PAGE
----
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TOGETHER

Together we will create the space for meaningful connections about how our watercourse flows, working together to drive positive change, just like the trees absorb water to process the oxygen we need to breathe.

Together we will shape the narrative as partners in excellence, making every connection matter, like a ripple effect in the water.

All forms of living things need water to survive. 

General Practitioners are as valuable as water. 

Trees ~ absorbing water is critical to the process of Photosynthesis, which contributes to the oxygen we need to breathe.

Humans ~ the average body of an adult human being contains over 70% water. Most of the water in the human body is contained inside our cells which is two-thirds of the water you drink. Our cells must have water to live. 

Course ~ Watercourse/Study course.
The importance of a droplet: A droplet of water can form with many others to become a puddle; a puddle with connections becomes a brook; a brook with more droplets can become a calm creek; a creek with more water becomes a flowing stream; a gentle trickle of a stream connects to a larger course of the river; the rivers course connects to the sea which surrounds the whole world. 

Dark blue circles ~ Waves/Ripples.
When we are great, we inspire others to be great and it creates a ripple effect that spreads outwards. Just as a pebble creates waves when dropped in a pond; acts of greatness ripple outwards, touching others’ lives and inspiring greatness everywhere the wave goes.

Background ~ Ocean/Water.
Whether it be the size of the ocean or as small as a stream, as deep as the deepest seas, or as shallow as a brook. Water can flow as rough as a storm in the ocean or as calm as a creek. The colour being murky or clear and everything in between. It can flow freely and easily, it all depends on the surrounding elements, structure and sometimes obstacles in or on its course.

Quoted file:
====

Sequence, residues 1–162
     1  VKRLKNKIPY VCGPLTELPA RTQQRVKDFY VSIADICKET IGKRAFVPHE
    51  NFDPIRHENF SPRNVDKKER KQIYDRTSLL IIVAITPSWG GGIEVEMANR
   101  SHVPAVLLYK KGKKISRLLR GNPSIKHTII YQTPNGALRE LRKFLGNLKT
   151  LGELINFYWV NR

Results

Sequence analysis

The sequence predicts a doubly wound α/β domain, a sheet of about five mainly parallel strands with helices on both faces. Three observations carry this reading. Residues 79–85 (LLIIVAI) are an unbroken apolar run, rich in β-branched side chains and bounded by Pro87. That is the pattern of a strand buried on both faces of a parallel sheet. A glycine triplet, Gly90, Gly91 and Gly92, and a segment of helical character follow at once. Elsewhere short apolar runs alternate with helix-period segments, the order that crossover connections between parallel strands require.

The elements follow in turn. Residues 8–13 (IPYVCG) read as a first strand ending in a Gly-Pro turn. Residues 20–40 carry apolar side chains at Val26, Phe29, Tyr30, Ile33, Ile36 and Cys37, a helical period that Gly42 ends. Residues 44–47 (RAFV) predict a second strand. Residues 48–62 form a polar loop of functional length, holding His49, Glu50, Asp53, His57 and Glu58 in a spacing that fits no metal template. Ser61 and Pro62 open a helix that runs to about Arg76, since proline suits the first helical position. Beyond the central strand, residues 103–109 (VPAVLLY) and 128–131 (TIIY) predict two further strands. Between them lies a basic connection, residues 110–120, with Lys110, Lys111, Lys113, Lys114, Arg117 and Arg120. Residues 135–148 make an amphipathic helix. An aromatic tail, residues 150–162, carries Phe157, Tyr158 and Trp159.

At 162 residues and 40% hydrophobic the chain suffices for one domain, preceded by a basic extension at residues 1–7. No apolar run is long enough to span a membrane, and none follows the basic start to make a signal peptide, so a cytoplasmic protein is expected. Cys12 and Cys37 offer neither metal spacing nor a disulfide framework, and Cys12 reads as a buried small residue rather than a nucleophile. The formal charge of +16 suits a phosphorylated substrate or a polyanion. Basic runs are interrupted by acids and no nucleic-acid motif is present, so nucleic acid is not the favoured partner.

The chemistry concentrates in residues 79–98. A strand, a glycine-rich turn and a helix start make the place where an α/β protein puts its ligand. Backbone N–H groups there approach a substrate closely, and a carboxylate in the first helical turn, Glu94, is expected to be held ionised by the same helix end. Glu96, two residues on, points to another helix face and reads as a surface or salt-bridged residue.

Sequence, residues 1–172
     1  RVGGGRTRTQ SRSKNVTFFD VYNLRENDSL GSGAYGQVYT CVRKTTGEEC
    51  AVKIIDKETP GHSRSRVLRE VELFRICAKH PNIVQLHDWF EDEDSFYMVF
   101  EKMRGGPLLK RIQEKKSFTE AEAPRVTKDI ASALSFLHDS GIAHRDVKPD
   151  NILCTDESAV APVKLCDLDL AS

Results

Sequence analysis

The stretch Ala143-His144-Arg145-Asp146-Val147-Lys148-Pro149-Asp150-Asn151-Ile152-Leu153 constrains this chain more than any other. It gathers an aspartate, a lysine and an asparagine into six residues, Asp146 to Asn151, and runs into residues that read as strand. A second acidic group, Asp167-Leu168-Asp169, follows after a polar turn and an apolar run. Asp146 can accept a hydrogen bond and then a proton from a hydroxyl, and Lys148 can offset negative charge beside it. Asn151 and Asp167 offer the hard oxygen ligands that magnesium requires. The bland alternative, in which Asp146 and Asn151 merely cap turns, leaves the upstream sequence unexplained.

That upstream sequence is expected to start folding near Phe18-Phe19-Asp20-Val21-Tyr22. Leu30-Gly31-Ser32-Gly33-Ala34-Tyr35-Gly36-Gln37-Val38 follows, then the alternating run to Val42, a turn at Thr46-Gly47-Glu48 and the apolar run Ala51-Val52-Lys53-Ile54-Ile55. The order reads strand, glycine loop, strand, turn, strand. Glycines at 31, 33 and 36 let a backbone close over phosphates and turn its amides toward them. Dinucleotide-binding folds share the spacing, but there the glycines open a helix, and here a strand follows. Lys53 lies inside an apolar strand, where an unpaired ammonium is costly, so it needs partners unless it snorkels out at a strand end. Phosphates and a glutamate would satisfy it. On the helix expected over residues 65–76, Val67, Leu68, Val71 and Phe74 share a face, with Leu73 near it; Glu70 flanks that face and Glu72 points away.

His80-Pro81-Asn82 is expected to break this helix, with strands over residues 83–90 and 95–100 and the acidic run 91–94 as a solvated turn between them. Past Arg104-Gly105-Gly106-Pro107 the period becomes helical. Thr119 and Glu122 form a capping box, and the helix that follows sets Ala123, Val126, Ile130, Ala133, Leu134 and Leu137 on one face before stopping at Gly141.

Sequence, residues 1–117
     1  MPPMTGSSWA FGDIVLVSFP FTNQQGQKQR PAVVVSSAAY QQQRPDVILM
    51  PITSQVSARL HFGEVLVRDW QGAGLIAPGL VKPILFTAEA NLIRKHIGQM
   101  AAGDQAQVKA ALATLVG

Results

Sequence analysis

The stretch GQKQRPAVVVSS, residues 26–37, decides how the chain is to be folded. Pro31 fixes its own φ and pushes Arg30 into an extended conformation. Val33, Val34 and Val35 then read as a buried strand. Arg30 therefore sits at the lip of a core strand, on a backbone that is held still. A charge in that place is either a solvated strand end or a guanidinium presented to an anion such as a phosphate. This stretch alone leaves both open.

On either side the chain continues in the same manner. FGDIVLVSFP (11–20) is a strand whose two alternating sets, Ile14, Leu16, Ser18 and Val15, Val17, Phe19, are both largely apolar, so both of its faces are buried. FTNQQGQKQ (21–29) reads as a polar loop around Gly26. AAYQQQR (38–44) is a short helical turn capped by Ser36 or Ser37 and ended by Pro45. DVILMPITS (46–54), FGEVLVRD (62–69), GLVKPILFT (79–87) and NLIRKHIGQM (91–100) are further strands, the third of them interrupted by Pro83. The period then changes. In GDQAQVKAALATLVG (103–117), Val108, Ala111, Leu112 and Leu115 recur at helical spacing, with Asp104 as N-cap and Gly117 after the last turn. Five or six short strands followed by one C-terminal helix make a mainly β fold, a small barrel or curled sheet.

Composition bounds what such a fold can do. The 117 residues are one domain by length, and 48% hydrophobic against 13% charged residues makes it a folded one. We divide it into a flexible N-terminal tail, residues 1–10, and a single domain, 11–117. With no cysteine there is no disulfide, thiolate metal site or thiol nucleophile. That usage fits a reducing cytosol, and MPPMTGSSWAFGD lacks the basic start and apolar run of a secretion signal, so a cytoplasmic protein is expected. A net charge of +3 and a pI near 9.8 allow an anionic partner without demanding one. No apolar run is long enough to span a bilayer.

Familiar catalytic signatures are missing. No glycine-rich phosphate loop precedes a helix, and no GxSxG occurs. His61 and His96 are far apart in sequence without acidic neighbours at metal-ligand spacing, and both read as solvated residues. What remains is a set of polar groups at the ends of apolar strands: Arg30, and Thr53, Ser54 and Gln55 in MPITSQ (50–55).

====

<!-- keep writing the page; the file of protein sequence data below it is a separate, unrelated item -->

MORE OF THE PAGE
Light blue design on the left ~ Tree Stump.
This pattern represents nature. Trees link local to regional and global water cycles through their modification of infiltration, water use, hydraulic redistribution of soil water and their roles in rainfall recycling. Nature-based water management is complemented by technical interventions for water retention, redistribution, flow regulation and recycling. It is generally more resilient and adaptive than concrete and steel structures. Our trees provide us with a myriad of benefits, but none more critical to life than the way they interact with water. Trees collect and absorb water through branches, leaves, and roots, releasing it slowly to the surrounding environment. This allows the water table to recharge, providing water for other plants nearby and preventing erosion along stream edges and riverbanks. Absorbed water is critical to the process of Photosynthesis, which contributes the oxygen we need to breathe.

Blue design on the right ~ Human Thumbprint.
This patern represents people. The total amount of water in our body is in three main locations: Within our cells (two-thirds of the water), in the space between our cells, and our blood (one-third of the water). All our vital organs contain different amounts of water. The brain, lungs, heart, liver and kidneys contain a large quantity of water – between 65% to 85% depending on the organ. Bones contain less water, about 30%. Water travels through your oesophagus which is a small pipe connected to the mouth and lands in the stomach. This is where the process of water absorption to the bloodstream begins. The small intestine, at around 20 feet long, efficiently absorbs water into the cell membrane and bloodstream. From here, water will travel to cells across the body, providing them with the hydration to perform daily functions efficiently. Water is sent to the brain where it provides hydration to brain cells and is used to maintain certain cerebral functions. Without the appropriate level of hydration, studies have shown that people experience impaired short-term memory function and visual motor skills. Drinking water is very important to maintain a healthy body.